Oxford Shakespeare Company - The Merry Wives of Windsor
30th June to 16th August 2013.
Review from Newbury Theatre.
Shakespeare is rumoured to have knocked up The Merry Wives of Windsor quickly, to please Queen Elizabeth who wanted more about Falstaff. It’s not performed as often as his most popular plays, but the Oxford Shakespeare Company’s version of it is a real belter – the nearest Shakespeare came to farce, and the sort of thing that the Carry On team might have come up with after watching A Midsummer Night’s Dream.
The plot is quite complicated (and I recommend you buy the programme, which has a three-page synopsis of it), but the main gist of it is Falstaff getting his come-uppance. The production has 17 characters, played by 8 actors (although one of the characters is a Punch and Judy puppet – yes, weird is a suitable word to describe it).
The setting is an English village garden fête with a bar, cake stall, chutney stall, Punch and Judy, you get the idea. And it’s set in the beautiful grounds of Wadham College, on a lawn backed by trees.
Falstaff is played to perfection by Jack Taylor, swaggering, boastful and… large (we get to see more of him than we might want as the play progresses). His gang consists of Pistol and Nym (Katherine Bennett-Fox and Sarah Goddard with gangsta accents, Pistol’s too strong to be understood at times) and Robin (Rachel Waring). These three double up as the ladies of Windsor: Mistresses Ford and Page and Mistress Page’s daughter Anne. A lot of the intrigue is worked by Mistresses Ford and Page, with strong performances from the two of them.
The outsiders are the Welsh Parson (David McKechnie and, occasionally, Heather Johnson – I didn’t say this was going to be easy) and the French physician (Rob Witcomb) – think Python/Grail “I fart in your general direction”. In fact the whole production owes a lot to Monty Python and Basil Fawlty at his most manic. David McKechnie also takes on Master Ford and Master Brook (as an American cowboy with a Mexican moustache); the scene with Brook and Falstaff is delightful.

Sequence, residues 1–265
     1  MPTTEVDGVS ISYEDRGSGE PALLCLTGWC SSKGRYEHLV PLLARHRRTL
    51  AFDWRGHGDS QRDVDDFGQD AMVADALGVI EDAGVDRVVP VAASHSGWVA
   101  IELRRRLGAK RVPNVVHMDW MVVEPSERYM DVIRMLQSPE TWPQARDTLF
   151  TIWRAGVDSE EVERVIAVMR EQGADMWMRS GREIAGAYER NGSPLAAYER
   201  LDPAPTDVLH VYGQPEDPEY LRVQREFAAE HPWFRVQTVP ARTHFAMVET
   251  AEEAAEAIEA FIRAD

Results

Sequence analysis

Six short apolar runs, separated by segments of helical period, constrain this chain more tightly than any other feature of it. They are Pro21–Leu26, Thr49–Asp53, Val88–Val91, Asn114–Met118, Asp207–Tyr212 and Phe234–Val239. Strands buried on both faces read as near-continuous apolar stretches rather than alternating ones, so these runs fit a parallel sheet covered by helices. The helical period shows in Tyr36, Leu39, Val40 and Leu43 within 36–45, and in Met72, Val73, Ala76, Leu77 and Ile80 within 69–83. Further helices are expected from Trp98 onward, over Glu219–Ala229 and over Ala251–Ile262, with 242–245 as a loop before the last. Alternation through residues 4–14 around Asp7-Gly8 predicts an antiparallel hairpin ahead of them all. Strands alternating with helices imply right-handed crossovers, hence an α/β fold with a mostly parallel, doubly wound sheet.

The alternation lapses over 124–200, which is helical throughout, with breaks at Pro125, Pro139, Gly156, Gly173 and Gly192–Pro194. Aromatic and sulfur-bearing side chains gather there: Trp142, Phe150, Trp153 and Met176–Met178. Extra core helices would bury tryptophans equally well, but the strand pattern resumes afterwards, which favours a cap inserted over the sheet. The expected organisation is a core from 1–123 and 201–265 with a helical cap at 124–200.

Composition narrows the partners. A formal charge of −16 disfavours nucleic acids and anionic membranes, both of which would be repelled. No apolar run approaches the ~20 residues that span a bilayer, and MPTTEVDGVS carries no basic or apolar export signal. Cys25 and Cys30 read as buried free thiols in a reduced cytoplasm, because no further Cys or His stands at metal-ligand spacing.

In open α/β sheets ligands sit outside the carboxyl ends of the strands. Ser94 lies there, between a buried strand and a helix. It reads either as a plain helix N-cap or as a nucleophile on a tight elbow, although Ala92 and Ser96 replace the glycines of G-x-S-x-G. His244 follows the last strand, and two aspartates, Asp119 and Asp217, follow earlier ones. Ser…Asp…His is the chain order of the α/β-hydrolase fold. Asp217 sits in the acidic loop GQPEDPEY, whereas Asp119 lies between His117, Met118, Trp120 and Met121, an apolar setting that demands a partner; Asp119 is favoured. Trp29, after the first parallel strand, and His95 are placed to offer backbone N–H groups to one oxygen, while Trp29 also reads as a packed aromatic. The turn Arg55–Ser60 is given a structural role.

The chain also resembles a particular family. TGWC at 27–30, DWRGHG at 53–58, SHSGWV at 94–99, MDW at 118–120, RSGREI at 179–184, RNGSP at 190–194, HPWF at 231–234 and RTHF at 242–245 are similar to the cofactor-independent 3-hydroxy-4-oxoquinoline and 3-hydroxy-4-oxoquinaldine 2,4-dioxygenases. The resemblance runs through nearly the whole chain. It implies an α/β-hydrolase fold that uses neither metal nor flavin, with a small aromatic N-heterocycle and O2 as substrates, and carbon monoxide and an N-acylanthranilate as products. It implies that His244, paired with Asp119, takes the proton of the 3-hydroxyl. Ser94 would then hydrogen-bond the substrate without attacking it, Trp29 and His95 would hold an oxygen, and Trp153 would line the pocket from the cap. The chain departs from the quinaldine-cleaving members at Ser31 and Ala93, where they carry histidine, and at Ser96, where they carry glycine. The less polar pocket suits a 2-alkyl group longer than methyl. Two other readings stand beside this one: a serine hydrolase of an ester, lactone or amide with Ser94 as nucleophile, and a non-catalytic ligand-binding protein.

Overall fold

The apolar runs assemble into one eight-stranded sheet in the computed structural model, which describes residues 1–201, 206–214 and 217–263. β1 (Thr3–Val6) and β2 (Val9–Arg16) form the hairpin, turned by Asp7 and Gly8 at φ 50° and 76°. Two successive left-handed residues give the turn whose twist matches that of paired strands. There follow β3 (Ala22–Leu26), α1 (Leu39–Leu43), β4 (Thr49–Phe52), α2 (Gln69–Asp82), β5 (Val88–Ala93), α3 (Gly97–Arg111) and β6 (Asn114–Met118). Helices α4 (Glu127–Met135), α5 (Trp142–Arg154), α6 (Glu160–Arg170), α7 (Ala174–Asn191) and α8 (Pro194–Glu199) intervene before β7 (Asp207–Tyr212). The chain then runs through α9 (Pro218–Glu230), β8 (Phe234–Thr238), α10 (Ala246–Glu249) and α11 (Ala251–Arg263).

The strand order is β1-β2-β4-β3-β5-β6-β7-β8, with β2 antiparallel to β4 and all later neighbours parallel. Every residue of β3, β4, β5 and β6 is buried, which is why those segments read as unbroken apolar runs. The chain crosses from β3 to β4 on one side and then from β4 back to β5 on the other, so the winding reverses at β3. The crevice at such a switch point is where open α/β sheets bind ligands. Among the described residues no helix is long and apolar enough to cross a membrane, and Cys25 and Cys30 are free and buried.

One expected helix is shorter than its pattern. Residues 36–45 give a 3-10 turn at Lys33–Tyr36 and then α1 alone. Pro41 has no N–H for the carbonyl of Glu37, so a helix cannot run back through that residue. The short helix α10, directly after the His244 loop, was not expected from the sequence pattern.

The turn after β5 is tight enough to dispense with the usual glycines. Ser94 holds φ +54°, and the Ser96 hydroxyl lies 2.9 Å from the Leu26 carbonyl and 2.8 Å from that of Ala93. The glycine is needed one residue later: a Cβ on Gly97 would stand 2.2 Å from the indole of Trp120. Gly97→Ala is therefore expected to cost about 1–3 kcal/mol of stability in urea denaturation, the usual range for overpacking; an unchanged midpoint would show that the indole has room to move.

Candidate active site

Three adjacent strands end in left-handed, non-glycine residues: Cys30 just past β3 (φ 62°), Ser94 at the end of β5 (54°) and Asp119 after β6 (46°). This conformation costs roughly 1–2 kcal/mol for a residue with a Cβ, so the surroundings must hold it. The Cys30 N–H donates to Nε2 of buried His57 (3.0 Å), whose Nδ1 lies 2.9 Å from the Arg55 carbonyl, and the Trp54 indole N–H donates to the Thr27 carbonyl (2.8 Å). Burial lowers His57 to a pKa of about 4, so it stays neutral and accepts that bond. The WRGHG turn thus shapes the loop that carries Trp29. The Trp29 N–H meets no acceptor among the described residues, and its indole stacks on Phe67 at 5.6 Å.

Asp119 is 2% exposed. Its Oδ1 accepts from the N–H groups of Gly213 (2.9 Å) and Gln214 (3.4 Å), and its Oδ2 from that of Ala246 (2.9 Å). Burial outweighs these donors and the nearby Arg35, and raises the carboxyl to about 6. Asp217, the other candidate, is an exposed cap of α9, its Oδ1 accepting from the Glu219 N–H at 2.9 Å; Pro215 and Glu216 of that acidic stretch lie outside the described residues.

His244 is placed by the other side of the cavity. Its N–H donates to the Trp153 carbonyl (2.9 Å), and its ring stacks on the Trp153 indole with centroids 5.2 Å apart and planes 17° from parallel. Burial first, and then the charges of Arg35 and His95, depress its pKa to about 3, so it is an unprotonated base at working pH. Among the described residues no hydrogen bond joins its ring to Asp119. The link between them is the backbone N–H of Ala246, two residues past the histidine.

Heather Johnson is a feisty Mistress Quickly and David Alwyn’s combination of face, voice and body language make an impressive trio of Shallow, Slender (the puppet) and posh Fenton (there’s a reference to last year’s viral You-Tube clip of the dog chasing the deer that got a big laugh).
Add to this: mobile phone conversations, a variety of songs and a slow-mo fight accompanied by the Chariots of Fire theme on guitar, violin and kazoo, and it’s clear that Gemma Fairlie’s production is something special.
If it sounds crazy and chaotic, it is. But it’s a delight; great fun, and a wonderful way to spend a summer evening.
Review from the Newbury Weekly News.
Carry on up The Thames
Oxford Shakespeare Company The Merry Wives of Windsor, at Wadham College, Oxford, until August 16
What better way to enjoy these rare warm summer evenings than to watch The Oxford Shakespeare Company's production of William Shakespeare's The Merry Wives of Windsor in the lovely gardens of Wadham College?
Gemma Fairlie, who directed last year's A Midsummer Night's Dream, is reunited with the musical team of James D Reid and Nick Lloyd Webber for a visual and aural feast of entertainment. This is one of Shakespeare's funniest plays, full of Carry On-style puns.
Fairlie has located the play in a typical village fete where the Ford family sell fancy cakes and the Pages vend their pickles. It is in this bucolic environment that Sir John Falstaff (a wonderful, wobble-bellied Jack Taylor) finds himself driven to woo Mistresses Ford and Page in search of precious funds.